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NTSB Preliminary Report: New Salem, NC


New Salem, North Carolina

Accident Number:


Date & Time:

October 17, 2019, 15:38 Local




Bell 206

Aircraft Damage:


Defining Event:

Collision with terr/obj (non-CFIT)


1 Fatal

Flight Conducted Under: Part 137: Agricultural


The pilot was conducting an aerial application flight in the helicopter. During the relocation flight from the previous site, the pilot overflew the application area and a powerline before landing on a truck near the northwest end of the field to refill the helicopter’s chemical reservoir. A witness described a normal liftoff and departure from the truck. The helicopter proceeded north along the west side of the field before turning south, then he heard a “pop” that he attributed to the helicopter striking a powerline wire before he saw the helicopter descend and impact the field. Postaccident examination of the helicopter revealed that a section of a nearby powerline was entangled with the main and tail rotor drive systems, consistent with the helicopter having struck those wires.

Probable Cause and Findings

The National Transportation Safety Board determines the probable cause(s) of this accident to be: The pilot's inadequate visual lookout, which resulted in impact with a powerline.


Personnel issues - Identification/recognition - Pilot

Environmental issues - Wire - Awareness of condition

Factual Information

History of Flight

Maneuvering-low-alt flying           Collision with terr/obj (non-CFIT) (Defining event)

On October 17, 2019, about 1538 eastern daylight time, a Bell 206B Helicopter, N167AG, was substantially damaged when it was involved in an accident near New Salem, North Carolina. The commercial pilot was fatally injured. The helicopter was operated as a Title 14 Code of Federal Regulations Part 137 local aerial agricultural application flight.

 According to the operator’s lead ground crew member for the spraying missions on the day of the accident, the pilot performed a preflight inspection of the helicopter about 0745 at their local base. After completing a total of 21 spraying loads at the other locations, the team transitioned to the field where the accident occurred. The ground support truck arrived first and was staged near the northwest corner of the field.

The ground crew member reported that the helicopter approached the area from the north, overflew the field to be sprayed, then landed on the truck to refill the chemical reservoir. After refilling, he dispatched the helicopter using hand signals. He reported that the helicopter departed to the north, turned left to a southerly heading, and flew along the west side of the field. Shortly thereafter, he heard a pop that he attributed to a [powerline] wire breaking, then he turned around and saw the helicopter travel about 30 yards before impacting the ground.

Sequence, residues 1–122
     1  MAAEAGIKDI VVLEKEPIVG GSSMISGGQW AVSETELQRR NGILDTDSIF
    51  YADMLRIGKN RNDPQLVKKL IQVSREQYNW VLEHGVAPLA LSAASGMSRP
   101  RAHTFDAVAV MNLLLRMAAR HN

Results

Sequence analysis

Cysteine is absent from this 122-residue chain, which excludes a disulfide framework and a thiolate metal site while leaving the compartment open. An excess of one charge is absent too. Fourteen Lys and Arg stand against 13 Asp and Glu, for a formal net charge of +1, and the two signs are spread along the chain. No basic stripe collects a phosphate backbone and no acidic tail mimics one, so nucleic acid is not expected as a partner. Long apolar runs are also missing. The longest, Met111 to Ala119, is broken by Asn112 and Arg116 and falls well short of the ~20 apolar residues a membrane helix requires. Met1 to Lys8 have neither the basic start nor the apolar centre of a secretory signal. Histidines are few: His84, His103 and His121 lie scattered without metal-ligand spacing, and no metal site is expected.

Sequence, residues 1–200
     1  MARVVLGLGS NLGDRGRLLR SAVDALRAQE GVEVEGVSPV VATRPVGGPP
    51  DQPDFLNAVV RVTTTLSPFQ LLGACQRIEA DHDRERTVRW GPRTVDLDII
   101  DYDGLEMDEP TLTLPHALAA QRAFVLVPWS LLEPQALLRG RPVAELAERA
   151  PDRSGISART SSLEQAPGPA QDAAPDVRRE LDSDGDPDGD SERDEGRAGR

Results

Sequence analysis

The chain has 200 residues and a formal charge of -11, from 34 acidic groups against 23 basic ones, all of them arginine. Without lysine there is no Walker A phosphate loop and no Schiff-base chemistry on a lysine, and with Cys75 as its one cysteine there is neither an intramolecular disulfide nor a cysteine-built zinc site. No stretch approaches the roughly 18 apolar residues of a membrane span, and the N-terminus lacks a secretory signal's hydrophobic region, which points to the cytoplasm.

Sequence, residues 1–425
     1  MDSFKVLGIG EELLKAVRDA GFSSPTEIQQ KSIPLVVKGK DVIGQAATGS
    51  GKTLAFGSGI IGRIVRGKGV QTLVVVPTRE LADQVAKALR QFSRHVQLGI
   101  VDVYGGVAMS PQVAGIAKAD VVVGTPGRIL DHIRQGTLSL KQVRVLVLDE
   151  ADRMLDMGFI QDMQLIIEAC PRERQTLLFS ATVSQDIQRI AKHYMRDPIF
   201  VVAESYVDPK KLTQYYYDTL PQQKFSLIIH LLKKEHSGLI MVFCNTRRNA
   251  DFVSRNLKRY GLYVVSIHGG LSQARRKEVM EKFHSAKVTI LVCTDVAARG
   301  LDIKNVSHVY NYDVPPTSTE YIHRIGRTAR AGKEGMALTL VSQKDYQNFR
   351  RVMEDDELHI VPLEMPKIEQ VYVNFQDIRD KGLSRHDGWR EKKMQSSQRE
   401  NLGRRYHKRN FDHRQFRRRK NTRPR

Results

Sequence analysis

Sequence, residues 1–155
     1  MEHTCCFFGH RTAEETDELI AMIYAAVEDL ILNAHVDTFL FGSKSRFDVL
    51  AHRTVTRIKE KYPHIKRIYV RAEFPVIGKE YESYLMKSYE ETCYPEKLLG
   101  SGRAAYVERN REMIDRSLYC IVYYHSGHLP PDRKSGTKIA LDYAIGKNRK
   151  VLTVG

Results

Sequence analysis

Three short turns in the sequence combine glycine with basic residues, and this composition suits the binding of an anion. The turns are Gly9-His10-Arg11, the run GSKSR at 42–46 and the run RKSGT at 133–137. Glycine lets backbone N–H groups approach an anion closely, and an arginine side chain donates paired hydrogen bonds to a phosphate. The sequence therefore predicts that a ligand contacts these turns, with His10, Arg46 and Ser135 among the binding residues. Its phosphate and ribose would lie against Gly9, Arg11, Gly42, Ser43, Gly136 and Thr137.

Pilot Information


Commercial; Flight instructor                                                          Age:


Airplane Rating(s):

None                                                          Seat Occupied:


Other Aircraft Rating(s):

Helicopter                                                          Restraint Used:


Instrument Rating(s):

Helicopter                                                          Second Pilot Present:


Instructor Rating(s):

Helicopter                                                          Toxicology Performed:


Medical Certification:

Class 2 None                                                          Last FAA Medical Exam:

February 19, 2019

Occupational Pilot:

Yes                                                          Last Flight Review or Equivalent:

March 1, 2018

Flight Time:

5670 hours (Total, all aircraft), 5427 hours (Total, this make and model)


Aircraft and Owner/Operator Information

Aircraft Make:





206 B

Aircraft Category:


Year of Manufacture:


Amateur Built:


Airworthiness Certificate:

Normal; Restricted (Special)

Serial Number:


Landing Gear Type:




Date/Type of Last Inspection:

October 4, 2019 100 hour

Certified Max Gross Wt.:

3200 lbs

Time Since Last Inspection:

62 Hrs


1 Turbo shaft

Airframe Total Time:

9799.2 Hrs as of last inspection

Engine Manufacturer:



Not installed

Engine Model/Series:


Registered Owner:


Rated Power:

370 Horsepower



Operating Certificate(s) Held:

Agricultural aircraft (137), Commercial space transp. experimental permit

Meteorological Information and Flight Plan

Conditions at Accident Site:

Visual (VMC)

Condition of Light:


Observation Facility, Elevation:

Distance from Accident Site:


Observation Time:

19:53 Local

Direction from Accident Site:


Lowest Cloud Condition:



10 miles

Lowest Ceiling:


Visibility (RVR):


Wind Speed/Gusts:

10 knots /

Turbulence Type Forecast/Actual:


Wind Direction:


Turbulence Severity Forecast/Actual:


Altimeter Setting:

29.87 inches Hg

Temperature/Dew Point:

19°C / 1°C

Precipitation and Obscuration:

No Obscuration; No Precipitation


Departure Point:

Albemarle, NC